The Feversham Fall Fair is a true celebration of our agricultural heritage and achievements. It all started back in 1867 with the Osprey Fair. Today, the Feversham Fall Fair draws in surrounding communities and visitors each year, taking place annually the third week of September. It features a parade, animal exhibits, horse shows, antique tractor pulls, children’s events, homemade crafts and so much more. The Feversham Fall Fair can attribute its longevity to community support, which, in many cases spans up to four or five generations.
(thanks to South Grey Museum for historical photo and information)
Much more to Feversham... It's a seemingly sleepy hamlet on the edge of Grey Highlands with the Beaver River running through it. But, there is a surprise around every corner.
The Feversham Gorge-Madelaine Graydon Memorial Conservation Area offers visitors spectacular landscapes. The natural beauty of the gorge's limestone cliff face majestically borders the Beaver River at a height of 24 metres providing a home to rare ferns and mosses-a botanist’s paradise for sure. A walk on the 1.5 km trail along the gorge will reward you with a photo opportunity around every bend. There are cold water springs, rivulets that make their way into the gorge below, lookout stations and stairways to enhance your experience. This hiking trail can be a wee bit strenuous in places but well worth the effort.
A home coming for Kent Hudson, who has returned to his Feversham childhood home. With renovations to his Dad’s former three bay garage, he and his partner Gerry Littlejohn have turned the space into an amazing home décor shopping experience - Home Accents Emporium Kent and Gerry, visionaries to say the least, provide every visitor with small town hospitality and the freedom to browse. From classic to cottagey, you are sure to find something special to enhance your home, cottage or weekend getaway. You gotta shop here!
Shorts Store is your quintessential general store with all the rural charm you would expect and a history that goes back to the beginning days of Feversham in 1910. Today you can find a bit of anything you desire from a general store including DVD rentals, full service postal outlet, an LCBO and Beer Store outlet and many other locally sourced products. Don’t miss viewing the mural that is on the side of the store, depicting life in Feversham some sixty years ago, including Lloyd Hudson who’s garage is now the Home Accents Emporium.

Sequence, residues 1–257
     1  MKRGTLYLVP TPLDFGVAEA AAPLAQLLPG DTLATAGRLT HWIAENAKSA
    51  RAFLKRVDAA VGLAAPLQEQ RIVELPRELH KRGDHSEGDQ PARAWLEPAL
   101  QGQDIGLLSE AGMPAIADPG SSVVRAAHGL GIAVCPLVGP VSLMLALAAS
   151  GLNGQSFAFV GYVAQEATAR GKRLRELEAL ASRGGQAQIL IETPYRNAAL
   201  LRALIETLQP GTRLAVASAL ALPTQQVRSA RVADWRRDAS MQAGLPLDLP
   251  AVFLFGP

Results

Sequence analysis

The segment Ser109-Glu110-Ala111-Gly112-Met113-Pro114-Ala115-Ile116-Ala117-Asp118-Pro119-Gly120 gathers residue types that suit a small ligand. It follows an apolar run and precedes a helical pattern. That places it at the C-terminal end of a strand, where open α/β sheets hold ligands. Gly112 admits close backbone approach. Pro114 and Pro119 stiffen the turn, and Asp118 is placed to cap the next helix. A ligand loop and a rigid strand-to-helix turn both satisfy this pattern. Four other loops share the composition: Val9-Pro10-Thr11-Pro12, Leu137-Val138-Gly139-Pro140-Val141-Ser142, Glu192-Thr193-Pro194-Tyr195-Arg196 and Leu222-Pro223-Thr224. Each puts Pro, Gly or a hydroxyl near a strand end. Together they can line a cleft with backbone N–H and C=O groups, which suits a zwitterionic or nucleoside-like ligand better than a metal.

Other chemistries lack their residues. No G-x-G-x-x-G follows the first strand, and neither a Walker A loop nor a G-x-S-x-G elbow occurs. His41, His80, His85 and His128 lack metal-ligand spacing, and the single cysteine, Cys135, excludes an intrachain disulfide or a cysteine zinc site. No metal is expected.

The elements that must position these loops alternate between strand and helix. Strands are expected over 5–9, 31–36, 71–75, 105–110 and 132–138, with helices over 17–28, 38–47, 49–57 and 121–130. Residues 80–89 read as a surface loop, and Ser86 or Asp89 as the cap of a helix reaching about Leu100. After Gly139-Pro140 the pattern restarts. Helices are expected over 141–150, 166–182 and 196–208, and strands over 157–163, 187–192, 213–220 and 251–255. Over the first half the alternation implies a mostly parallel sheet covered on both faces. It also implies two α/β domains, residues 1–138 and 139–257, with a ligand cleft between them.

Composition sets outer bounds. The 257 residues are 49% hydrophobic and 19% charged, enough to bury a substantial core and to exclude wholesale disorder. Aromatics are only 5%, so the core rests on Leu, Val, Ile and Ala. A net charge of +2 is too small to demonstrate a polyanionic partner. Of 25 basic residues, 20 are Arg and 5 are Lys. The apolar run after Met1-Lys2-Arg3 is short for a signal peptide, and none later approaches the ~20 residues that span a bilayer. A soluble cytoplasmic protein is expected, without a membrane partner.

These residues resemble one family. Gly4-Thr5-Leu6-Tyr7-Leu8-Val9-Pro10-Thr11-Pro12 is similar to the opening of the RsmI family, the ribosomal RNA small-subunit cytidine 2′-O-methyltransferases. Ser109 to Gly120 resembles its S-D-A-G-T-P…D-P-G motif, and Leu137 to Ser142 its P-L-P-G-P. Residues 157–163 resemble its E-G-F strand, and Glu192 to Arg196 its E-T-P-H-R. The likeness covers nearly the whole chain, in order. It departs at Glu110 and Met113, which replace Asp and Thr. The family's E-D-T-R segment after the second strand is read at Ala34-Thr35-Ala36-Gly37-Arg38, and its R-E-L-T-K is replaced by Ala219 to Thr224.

You will want to include The Village Store as part of your visit to Feversham and check out any events that may be happening at the Osprey Museum, which was originally built in 1903 as the Salvation Army Church. Open year round, quilting is the main weekly activity. If you want to try your had at geocaching, there are two hidden in Feversham as well.
Many families in Feversham has made their living based on the river running through town. In the past there were mills constructed to harness the power of the river and more recently the Gott family started bottling that water. What started as a family owned trout farm in Feversham has grown into a major player in the bottled water industry as Ice River Springs and by bottling for many national grocery store brands. The Gott family has grown their business over a short time period and while the first bottling plant is located in Feversham, there are now plants all over North America including a revolutionary recycling program in Shelburne which allows Ice River Springs to be the only bottled water to offer a 100% recycle bottle. That is a true small town, hardworking success story!
Just up the road a bit you will find Maxwell, a small community with more to offer than you might think at first glance. Surrounded by area farms, its rich agricultural heritage continues and is also renewed by the more recent influx of Mennonite families making their homes in and around Maxwell. On any given day you can see the horse drawn wagons and buggies as the Mennonite families make their way around the region.
A favourite gathering place for this hard working community and visitors alike is the Gilbert’s Country Café. The menu offers all the favourite diner comfort foods and an all-day breakfast that is served to you on a cookie sheet. This is where you can get small town, country comfort foods in a great atmosphere. They also offer a convenient take-out window in the warmer months with outdoor tables where you can get a Chapmans’ Ice Cream as well as their great take out menu.
You will not want to miss the outstanding shopping experience at The Rusty Star. Specializing in handcrafted and hand-finished solid wood furniture manufactured in Ontario by Mennonite families, the showroom is filled with beautiful pieces. They also offer reclaimed local pine furniture, log and outdoor furniture and charming home décor and craft pieces. They even have a bridal registry. You are sure to appreciate the quality of the craftsmanship of our Ontario Mennonite community.
Tucked just off the main road and adjacent acres of a hard wood forest you will find Maxwell’s Cabin Bed & Breakfast and Studio. This unique Bed & Breakfast offers guests the experience of staying in a rustic pioneer cabin that was originally built in the 1852 but now has been lovingly restored by hosts Tom and Dar. Operating yearly from May to October, the cabin is a rustic retreat for couples or families and even has an outdoor shower. Resident artists Dar displays her work in her home studio and is that extra something that makes a stay in the Maxwell’s Cabin even more memorable.
One Maxwell’s best kept secret is the Spirit House Music that takes place every Sunday in Maxwell. The doors open at 6pm with the show starting at 7pm. Various artists are featured in the show, hosted by David Russell of the band the Rockafellers.
Be sure not to miss all these experiences that the little hamlets of Feversham and Maxwell have to offer and make them a part of your Grey’t Play List today!